As far as Michelle Wilson knew, she’d recovered from Covid-19.
Wilson, 65, contracted the virus in November 2020. Her illness, she said, was mild, and she was feeling ready to go back to work as a nurse in St. Louis by early December.
That’s when her heart problems began.
“I literally woke up one morning, and my heart was racing and beating erratically,” Wilson recalled. “I was having intense chest pain.”
Fortunately, Wilson was not having a heart attack. But she did develop long-term heart problems, including high blood pressure, putting her at risk for further cardiovascular issues.
I had heart failure from covid at 36 years old. Quite healthy when I caught it too. After heart failure I was deathly ill for 48 days. I’m still suffering from long hauler symptoms of decreased lung function, brain function, muscle loss, anxiety, and three hernias. pic.twitter.com/0EjZ1816hi
— Ryan Zi (@RyanWayneZ) February 14, 2022
Despite her age, she had no prior medical history to suggest she was at risk for heart disease — other than Covid-19.
Indeed, it appears the coronavirus can leave patients at risk for heart problems for at least one year following infection, according to one of the largest analyses of post-Covid health effects to date.
In an analysis of over 11 million health records, the risk of 20 different heart and vessel maladies was substantially increased in those who had COVID-19 12 months earlier, compared with those who didn’t. E.g. a 72% higher risk of heart failurehttps://t.co/TkhJPZ1UAd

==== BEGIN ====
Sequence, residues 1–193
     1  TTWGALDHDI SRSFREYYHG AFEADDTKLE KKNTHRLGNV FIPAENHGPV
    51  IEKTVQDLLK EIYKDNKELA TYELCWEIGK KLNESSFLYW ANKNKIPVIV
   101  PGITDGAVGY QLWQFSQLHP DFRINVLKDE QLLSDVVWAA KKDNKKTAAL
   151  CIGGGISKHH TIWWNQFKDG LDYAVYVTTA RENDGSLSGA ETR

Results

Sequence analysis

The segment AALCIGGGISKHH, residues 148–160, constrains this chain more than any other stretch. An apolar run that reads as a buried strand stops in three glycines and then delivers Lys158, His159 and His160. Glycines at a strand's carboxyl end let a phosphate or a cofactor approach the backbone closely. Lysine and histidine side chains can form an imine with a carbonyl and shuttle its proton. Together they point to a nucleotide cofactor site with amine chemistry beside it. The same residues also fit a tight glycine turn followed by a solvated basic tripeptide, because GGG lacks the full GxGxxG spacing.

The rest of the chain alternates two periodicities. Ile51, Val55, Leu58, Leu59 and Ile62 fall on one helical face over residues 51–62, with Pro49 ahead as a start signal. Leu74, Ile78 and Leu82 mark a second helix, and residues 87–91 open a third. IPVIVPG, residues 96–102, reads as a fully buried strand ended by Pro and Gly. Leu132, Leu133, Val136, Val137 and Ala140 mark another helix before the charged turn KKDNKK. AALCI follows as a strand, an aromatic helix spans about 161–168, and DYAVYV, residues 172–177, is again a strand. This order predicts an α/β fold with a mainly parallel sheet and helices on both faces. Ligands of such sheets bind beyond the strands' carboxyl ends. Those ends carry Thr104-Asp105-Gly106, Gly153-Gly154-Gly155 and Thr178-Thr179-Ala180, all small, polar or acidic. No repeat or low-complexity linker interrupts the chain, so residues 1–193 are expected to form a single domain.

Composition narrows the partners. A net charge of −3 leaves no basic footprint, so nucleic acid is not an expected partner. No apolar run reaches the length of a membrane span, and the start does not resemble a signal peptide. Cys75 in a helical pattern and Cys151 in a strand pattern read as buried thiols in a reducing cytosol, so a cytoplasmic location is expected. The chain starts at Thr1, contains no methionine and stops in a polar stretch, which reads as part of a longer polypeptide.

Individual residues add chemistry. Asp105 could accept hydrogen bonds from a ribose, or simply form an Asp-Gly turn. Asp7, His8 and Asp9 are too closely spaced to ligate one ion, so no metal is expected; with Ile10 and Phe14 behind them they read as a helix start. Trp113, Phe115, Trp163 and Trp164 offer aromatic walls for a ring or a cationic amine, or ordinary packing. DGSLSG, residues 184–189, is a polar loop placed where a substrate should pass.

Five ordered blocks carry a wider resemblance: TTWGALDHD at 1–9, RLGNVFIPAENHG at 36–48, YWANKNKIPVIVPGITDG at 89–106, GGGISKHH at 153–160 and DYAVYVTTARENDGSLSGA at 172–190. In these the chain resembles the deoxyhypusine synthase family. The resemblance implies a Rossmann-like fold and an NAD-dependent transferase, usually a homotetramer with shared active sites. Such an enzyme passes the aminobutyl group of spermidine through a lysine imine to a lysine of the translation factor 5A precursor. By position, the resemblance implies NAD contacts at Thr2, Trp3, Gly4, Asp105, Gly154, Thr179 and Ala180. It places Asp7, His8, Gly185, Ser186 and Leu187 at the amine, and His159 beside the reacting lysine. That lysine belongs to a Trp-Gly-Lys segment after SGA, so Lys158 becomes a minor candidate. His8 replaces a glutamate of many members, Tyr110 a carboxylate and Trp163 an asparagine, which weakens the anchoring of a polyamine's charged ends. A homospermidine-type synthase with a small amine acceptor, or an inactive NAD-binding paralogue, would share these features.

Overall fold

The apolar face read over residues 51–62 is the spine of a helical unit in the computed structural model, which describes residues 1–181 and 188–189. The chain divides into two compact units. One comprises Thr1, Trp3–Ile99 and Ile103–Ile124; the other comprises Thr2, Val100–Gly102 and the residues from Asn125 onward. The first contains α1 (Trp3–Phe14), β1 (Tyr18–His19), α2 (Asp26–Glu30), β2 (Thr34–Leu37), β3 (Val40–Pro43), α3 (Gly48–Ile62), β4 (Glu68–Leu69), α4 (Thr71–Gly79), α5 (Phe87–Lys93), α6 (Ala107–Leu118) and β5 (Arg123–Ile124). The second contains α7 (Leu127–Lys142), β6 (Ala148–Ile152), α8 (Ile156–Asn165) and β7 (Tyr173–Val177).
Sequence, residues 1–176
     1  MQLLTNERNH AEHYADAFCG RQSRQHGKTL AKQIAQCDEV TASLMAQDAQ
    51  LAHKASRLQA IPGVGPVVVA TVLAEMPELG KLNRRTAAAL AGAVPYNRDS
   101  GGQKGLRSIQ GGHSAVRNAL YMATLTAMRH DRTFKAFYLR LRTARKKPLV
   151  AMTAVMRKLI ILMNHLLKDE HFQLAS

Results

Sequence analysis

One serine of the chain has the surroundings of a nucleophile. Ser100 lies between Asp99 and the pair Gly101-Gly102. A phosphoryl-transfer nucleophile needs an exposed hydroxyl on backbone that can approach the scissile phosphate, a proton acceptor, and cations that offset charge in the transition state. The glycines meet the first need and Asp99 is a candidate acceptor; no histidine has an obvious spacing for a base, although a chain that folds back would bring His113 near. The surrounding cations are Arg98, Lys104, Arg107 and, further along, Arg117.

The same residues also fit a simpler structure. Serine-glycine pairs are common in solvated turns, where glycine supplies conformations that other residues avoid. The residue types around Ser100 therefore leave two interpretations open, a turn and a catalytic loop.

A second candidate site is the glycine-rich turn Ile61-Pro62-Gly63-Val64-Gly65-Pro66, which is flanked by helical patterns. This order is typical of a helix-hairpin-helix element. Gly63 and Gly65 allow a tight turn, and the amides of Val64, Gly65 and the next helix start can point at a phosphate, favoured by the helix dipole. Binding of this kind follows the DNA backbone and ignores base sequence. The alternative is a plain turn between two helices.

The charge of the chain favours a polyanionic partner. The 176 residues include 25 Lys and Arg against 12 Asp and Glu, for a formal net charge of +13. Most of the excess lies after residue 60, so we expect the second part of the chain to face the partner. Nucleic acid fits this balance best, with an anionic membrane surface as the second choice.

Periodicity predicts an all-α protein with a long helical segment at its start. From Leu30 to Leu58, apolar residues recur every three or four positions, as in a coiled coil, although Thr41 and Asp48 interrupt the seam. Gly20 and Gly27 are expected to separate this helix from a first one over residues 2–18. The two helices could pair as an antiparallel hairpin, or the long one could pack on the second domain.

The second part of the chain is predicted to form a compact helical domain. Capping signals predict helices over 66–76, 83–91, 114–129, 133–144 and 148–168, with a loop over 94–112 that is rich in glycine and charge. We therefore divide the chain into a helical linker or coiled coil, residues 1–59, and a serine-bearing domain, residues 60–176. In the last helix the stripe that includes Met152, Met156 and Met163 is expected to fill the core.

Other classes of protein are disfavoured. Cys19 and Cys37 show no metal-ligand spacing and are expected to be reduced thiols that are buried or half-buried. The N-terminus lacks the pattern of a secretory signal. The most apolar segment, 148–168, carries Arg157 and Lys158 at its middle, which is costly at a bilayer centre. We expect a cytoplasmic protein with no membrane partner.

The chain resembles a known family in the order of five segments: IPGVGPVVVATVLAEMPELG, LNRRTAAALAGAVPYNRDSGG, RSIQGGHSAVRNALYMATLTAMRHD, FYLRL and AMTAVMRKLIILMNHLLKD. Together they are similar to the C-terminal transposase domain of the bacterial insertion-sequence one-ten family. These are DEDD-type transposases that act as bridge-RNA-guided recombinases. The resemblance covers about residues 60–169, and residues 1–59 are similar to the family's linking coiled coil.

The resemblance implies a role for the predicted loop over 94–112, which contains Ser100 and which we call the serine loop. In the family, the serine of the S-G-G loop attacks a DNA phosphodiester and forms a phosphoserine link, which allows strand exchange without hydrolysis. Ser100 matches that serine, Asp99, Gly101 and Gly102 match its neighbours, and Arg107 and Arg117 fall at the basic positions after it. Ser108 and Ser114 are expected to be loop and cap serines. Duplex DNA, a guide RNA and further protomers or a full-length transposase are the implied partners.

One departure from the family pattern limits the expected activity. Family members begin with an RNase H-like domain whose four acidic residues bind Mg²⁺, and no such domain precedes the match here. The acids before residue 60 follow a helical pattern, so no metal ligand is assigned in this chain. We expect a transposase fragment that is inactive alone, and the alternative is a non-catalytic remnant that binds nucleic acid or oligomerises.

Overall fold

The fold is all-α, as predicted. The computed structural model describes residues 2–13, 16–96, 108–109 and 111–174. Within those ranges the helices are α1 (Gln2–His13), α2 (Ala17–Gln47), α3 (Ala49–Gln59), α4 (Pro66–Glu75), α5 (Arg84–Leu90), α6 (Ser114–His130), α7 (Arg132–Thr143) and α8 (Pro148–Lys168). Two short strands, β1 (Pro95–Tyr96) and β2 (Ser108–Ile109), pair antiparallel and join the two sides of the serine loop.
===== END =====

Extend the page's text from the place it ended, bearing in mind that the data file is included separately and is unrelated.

— Piotr Jankowski (@PiotrJankowski_) February 14, 2022
The study, published last week in Nature Medicine, found that the illness increased the possibility of heart rhythm irregularities, as well as potentially deadly blood clots in the legs and lungs, in the year after an acute infection.
Covid case increased chance of high incidence diseases heart attack/stroke
"Ppl who had recovered from COVID-19 showed stark increases in 20 cardiovascular problems over the year after infection…risk of heart failure ⬆️ by 72%" @elaineywchen @pranay_md https://t.co/oZeZ5rwLjq pic.twitter.com/xE18vnBr3I
— Albert Pinto (@70sBachchan) February 14, 2022
Covid also increased the risk for heart failure by 72 percent, heart attack by 63 percent and stroke by 52 percent — even among those, like Wilson, whose original illnesses were mild.
The study’s lead author, Dr. Ziyad Al-Aly, a clinical epidemiologist at Washington University in St. Louis, said he and his colleagues expected to see some elevation in heart problems following Covid, but assumed it would be limited largely to people whose health wasn’t robust previously.
EVEN MILD COVID CAN CAUSE LONG-TERM ILL-HEALTH. New US research shows it can raise the risk of cardiovascular problems for a year plus. Heart failure and strokes were far more common in people recovered from COVID-19 than in similar ones who never had it. https://t.co/INl2OKGXDq
— Elfi Pallis (@oxbridgentrance) February 14, 2022
The elevated risk remained when researchers accounted for age and race, he said.
“It was a bit of a moment for us when we realized it was evident in all of these subgroups,” Al-Aly said, “including younger adults, older adults, Black people, white people, people with obesity and those without.”
“The risk was everywhere,” he said. Read more…